Community input needed for High Point Community Center play area renovation project

Seattle Parks and Recreation (SPR) invites the community to provide input on the High Point Community Center play area renovation project on Saturday, February 25, 2017 from 1 to 3 p.m. at the High Point Community Center, 6920 34th Ave. SW.  The landscape architect, project planner and project manager will provide information on the renovation project and gather community input on play features and amenities. The play area is south of the community center near the tennis courts. This is an all-ages event with light snacks and children’s activities. We encourage all to attend and participate by providing input on the best play area design option for the High Point neighborhood.

This project will replace the play equipment, provide access improvements, and improve safety and other features at the park. Please participate in a survey for the project.

The Seattle Park District provided the funding for this play area improvement project. Approved by Seattle voters in 2014, the Seattle Park District provides more than $47 million a year in long-term funding for Seattle Parks and Recreation including maintenance of parklands and facilities, operation of community centers and recreation programs, and development of new neighborhood parks on previously acquired sites.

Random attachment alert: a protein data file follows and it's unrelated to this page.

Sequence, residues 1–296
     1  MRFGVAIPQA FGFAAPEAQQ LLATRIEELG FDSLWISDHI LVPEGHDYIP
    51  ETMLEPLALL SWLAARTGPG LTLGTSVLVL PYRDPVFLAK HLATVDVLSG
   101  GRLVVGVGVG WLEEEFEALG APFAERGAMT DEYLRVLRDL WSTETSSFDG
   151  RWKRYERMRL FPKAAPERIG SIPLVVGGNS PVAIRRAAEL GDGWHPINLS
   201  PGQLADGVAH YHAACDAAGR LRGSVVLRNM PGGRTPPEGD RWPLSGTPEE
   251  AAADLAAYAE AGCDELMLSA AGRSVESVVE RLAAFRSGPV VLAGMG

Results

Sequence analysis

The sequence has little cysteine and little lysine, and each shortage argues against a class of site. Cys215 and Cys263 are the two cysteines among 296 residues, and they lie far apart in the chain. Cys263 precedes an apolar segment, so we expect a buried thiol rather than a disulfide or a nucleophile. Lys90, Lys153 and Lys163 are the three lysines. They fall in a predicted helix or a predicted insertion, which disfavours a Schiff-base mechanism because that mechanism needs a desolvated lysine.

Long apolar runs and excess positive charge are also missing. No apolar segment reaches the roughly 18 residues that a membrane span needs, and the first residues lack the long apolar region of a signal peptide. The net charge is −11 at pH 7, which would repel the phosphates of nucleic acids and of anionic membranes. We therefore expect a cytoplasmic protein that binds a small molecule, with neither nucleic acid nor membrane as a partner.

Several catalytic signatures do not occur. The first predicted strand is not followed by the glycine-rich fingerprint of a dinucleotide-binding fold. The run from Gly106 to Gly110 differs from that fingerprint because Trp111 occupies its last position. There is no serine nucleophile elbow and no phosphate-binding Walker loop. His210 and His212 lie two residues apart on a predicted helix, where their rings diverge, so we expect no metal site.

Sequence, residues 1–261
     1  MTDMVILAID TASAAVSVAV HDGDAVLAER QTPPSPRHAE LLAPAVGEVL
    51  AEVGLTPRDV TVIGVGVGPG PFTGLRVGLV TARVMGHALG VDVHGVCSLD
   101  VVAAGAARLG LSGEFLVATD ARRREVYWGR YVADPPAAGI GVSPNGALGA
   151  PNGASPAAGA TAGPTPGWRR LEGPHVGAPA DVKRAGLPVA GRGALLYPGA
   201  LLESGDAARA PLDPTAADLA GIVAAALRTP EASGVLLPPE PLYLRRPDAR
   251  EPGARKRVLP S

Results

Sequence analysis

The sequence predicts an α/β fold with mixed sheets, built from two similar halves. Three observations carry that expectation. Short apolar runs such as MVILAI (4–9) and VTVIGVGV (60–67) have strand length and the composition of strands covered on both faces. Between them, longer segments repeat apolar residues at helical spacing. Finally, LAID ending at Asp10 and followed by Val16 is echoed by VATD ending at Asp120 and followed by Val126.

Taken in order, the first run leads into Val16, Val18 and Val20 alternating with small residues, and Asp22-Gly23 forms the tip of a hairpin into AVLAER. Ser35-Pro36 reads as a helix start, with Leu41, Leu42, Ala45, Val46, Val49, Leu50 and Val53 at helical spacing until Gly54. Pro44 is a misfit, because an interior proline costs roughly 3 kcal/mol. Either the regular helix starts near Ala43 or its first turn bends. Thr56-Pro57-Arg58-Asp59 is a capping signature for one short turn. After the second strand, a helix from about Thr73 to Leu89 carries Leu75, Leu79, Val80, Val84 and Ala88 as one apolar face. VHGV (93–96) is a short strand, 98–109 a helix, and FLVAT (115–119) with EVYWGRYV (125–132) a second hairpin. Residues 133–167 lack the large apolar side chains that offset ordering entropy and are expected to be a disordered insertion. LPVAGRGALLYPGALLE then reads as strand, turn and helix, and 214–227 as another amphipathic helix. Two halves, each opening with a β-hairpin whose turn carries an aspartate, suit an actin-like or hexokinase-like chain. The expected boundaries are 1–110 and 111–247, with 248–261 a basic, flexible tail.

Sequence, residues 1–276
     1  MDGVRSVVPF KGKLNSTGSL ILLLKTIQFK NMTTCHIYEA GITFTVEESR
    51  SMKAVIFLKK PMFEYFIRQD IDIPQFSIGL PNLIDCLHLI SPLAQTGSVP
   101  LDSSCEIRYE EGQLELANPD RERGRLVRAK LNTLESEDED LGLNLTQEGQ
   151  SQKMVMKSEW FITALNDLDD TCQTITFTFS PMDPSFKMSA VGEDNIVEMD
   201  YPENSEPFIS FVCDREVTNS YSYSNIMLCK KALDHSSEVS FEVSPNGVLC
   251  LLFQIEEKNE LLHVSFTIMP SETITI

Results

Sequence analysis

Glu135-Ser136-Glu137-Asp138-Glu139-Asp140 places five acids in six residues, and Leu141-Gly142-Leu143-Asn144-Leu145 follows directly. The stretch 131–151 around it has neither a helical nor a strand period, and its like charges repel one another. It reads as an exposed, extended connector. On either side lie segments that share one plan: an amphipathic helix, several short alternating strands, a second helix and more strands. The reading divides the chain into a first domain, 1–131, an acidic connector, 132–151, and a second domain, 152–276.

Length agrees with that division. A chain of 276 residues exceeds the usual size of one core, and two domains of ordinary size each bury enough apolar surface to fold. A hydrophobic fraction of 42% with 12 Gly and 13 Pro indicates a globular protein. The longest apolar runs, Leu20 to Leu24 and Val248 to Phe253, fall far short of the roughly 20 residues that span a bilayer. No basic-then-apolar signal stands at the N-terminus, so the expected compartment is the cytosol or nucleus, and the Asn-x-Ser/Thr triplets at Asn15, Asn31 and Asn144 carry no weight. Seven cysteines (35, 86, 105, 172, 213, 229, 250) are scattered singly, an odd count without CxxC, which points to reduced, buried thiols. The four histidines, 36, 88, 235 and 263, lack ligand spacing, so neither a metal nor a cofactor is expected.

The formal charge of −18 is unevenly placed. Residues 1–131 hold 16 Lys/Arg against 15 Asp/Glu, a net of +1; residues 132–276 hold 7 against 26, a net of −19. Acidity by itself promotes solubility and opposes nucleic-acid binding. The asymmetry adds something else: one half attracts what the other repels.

A survey for the play area project, translated meeting notices and additional information can be found here If you have questions about the project or would like to request accommodations or need an interpreter please contact Karimah Edwards, Seattle Parks and Recreation at 206-233-0063 or


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Legislative Youth Action Day

youthThis year, 10 members of 206 Forward- Youth Advocates of Seattle, a Seattle Parks and Recreation Citywide Teen and Young Adult club, joined more than 120 young people in Olympia on January 29 & 30 for the Legislative Youth Action Day.  Young people came from around the state to speak with their state legislators about several issues, including funding services for people who are homeless, equitable distribution of funding for education, and police accountability.

Ericka Guan, a Junior at Rainier Beach High School and a member of 206 Forward  wrote about her experience in Olympia:

Youth action Day impacted me by believing and trusting that I can actually speak up for my own beliefs.  The most memorable moment for me was when I spoke with Representative Eric Pettigrew about police brutality.  It was scary but worth it.  I was completely ready to say what I had to say .  I had the confidence to talk to Eric about my personal experience and asked for his support in holding police more accountable.